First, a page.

Create, Cultivate, and Reflect on your Digital Presence

by Michael MacKay

April 30th, 2020

For the last few weeks, I have had the opportunity to explore my digital identity and presence. After much contemplation and internal struggles, I believe I have concluded that I have two online personas, a personal and professional persona. Each version has a specific purpose and mandate that I leverage to meet the needs of the current activity. When looking at the needs and goals that I must meet to be a successful graduate student, I do not believe that either of my current personas is adequate.

Developing a new persona that more closely aligns with not only my goals and views of a successful graduate student but how I want to be viewed post-graduation is needed. Using some of the questions imposed by Kelly Schryver’s blog post entitled Who Are You Online? Considering Issues of Web Identity, I started to explore my new budding digital persona.

What kinds of things do you tend to post online, and how much thought do you give to choosing or creating them? What would you not post? What mental processes do you go through in deciding what to post, when and how? Do you have a different personality, presentation or persona on different sites or services? If so, why, and how do they differ? How do you think you are perceived online? Why? (Schryver, 2013)

Using Schryver’s questions, I started to sculpt this new identity. I want to be viewed as a knowledgeable expert in the field of educational technology, focusing on the current integration of emerging technologies such as virtual or augmented reality. It seems like a daunting task, as an intimate knowledge of educational practice and research paired with the technical expertise of each tool would be required. This process would equate to hundreds to thousands of hours of readings and experimental practice.

The first step would be to engross into the field, learning as much information about integrating technology into the educational domain. To become an authority in the area, I would have to have a superior understanding of the current literature that pertains to it. I believe that if I read, analyze, and summarize a single related article each week, I would build, over time, a robust repository and intimate knowledge.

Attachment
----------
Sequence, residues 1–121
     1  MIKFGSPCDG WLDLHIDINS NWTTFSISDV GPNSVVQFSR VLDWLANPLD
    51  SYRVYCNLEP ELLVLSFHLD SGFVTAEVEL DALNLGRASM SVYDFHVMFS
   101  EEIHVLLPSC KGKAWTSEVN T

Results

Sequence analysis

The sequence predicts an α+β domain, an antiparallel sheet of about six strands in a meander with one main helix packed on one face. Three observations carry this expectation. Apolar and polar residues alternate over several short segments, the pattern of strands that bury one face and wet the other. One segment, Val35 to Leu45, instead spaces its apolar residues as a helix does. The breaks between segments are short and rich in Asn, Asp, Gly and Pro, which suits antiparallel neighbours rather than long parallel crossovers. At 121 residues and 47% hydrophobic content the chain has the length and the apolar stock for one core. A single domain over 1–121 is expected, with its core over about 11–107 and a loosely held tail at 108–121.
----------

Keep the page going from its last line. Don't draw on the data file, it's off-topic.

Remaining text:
Next, a methodology would need to be developed to evaluate the effectiveness of the tools I plan to use. Athanasou (1998) proposed six questions when assessing educational technology; is it ethical, does it cover a need, what are the costs and benefits, did it achieve its goals, what are the effects, and does it meet the needs of its stakeholders. Using Athanasou’s framework as a starting point, I could refine his approach to something more suited for my goals.

Finally, I would need to set some concrete measure of success. Jenkin (2013) discusses the participatory culture and how students are using technology to explore their learning. A long term goal would be for students and teachers to use this idea of the participatory culture to create, share, and explore their ideas using tools like virtual reality. In the short-term, I would like to see the acceptance, adoption, and possible use of these tools in my professional communities.


Athanasou, J.A. (1998), “A framework for evaluating the effectiveness of technology‚Äźassisted learning”, Industrial and Commercial Training, Vol. 30 No. 3, pp. 96-103.

Kelly Schryver. (February 5, 2013 Tuesday). Guest Post | Who Are You Online? Considering Issues of Web Identity. The New York Times Blogs (The Learning Network). Retrieved from

Jenkins, H. (2013, May 7). Henry Jenkins on Participatory Culture (Big Thinkers Series) [Video]. YouTube.

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